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Maddy Stutz

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Does anyone else with a mental illness find it offensive when other people use "crazy" or "insane" as an adjective?

This never bothered me before I got diagnosed with Bipolar Disorder, but since then I guess I've been a little more sensitive to this. On New Year's, this guy (who doesn't know I have bipolar) said I was acting "crazy". I know he wasn't saying it because he was seriously concerned about my mental state, but he was using it as an adjective to describe my sillyness and spontaneity that often overcomes me when I'm out with friends. I wasn't exhibiting any signs of my mental illness, but if offended me that he called me "crazy". I wanted to be like "as a matter of fact, YES!" Since then I've been noticing that people use "crazy" and "insane" all the time to describe every day stuff that might just be a little out of the ordinary. I've been talking to some people on my blog about this too, and some say they find it offensive, and some don't. We all recognize that calling something "gay" is offensive, should calling something "crazy" or "insane" also be considered objectionable language? What do you guys think?

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    Feb 5 2014: Hi Maddy, and welcome to TED conversations:>)

    You said it my dear, in your profile...."The hardest part about being diagnosed with a mental illness is removing the stigma from yourself."

    Actually, the most challenging part of changing or removing any thought or feeling (stigma) is removing it from our "self".

    Although I have never been diagnosed with a mental illness, I did sustain a near fatal brain injury years ago, after which my family and I were told I would never function "normally" again. After a craniotomy, being kept alive on life support systems, then finally regaining consciousness, the news was given to me that because of the severity of the injury, I probably would not ever function "normally" again. My first thought and response was....."well good"....."let's see where this adventure takes me"!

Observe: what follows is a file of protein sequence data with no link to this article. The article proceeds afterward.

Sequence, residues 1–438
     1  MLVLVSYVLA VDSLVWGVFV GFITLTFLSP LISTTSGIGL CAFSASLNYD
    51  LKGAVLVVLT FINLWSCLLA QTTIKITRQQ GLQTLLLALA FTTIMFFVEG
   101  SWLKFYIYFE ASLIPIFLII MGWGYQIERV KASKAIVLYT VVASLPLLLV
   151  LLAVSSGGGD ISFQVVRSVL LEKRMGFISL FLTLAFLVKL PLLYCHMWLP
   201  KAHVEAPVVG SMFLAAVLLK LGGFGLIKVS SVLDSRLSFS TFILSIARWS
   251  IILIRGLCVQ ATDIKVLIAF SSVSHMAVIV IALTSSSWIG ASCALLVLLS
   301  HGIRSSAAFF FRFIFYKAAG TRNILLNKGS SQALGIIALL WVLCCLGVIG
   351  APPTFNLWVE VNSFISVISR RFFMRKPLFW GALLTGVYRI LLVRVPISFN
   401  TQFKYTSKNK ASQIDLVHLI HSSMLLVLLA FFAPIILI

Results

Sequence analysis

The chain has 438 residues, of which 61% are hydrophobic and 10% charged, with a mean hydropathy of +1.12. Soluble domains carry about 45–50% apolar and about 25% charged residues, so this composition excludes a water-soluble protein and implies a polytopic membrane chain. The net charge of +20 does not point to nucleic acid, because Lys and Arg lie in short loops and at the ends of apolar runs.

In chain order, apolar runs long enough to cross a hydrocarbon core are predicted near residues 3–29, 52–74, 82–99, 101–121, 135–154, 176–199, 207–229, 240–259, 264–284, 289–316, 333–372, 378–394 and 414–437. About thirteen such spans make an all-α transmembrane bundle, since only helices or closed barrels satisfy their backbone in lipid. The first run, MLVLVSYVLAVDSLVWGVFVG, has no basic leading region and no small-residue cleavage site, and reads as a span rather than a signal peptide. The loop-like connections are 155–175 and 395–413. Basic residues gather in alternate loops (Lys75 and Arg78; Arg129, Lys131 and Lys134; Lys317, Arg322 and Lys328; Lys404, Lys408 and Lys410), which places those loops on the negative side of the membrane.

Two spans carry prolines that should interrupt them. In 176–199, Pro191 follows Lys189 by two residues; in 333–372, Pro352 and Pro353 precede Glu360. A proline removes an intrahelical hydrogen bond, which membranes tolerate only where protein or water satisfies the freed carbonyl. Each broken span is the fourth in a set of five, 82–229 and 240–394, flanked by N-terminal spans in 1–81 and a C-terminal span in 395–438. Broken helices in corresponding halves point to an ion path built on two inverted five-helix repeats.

Most of my life, way before the injury, I was often told I was "crazy", or "living in a fantasy world", or "not facing reality", because I believe in the interconnections of people....because I believe in respect, honesty, joy, humor, compassion and unconditional love. Right here on TED a couple people label me "passive aggressive" because I refuse to get into their disrespectful, unproductive arguments. I continue to say "thank you" to whoever tries to put these kinds of labels on me.

    I genuinely feel that I do not want to be considered "normal" in a world where people accept disrespect, dishonesty, lack of compassion, empathy, and lack of unconditional love.

    You hang in there Maddy, and keep reminding yourself of what you insightfully wrote..The hardest part about being labeled, is removing the stigma from yourself.

    Once you remove the stigma from yourself, and do not accept it from others, NOONE can put that stigma on you....whatever they say has no meaning, if we do not accept it. One important element for me is that I love exploring and evaluating the life adventure to learn, grow and evolve with the experiences. Know thyself Maddy:>)
    • Feb 21 2014: Colleen I think your words above are very wise. What we see in others is often a reflection of how we view ourselves and the world we live in.
      I hope never to be normal if being normal is about putting a glass ceiling on what we can become and confining ourselves to other peoples understanding of the world. We are all individuals and all we need to do to be free from any form of torment is connect with our higher selves and realize who we are.
      people can only make us feel offended if we give then the permission to do so. If being crazy means you are at one with yourself, then bring it on. I also believe in respect, honesty, joy, humor, compassion and unconditional love and believe we are all connected through our higher consciences.
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        Feb 22 2014: Thank you Mint Thinny, and I appreciate your wise words as well:>)

        I agree with your comment about love.....it has to start in our "self". I do not believe we can give something away that we do not have in our self.

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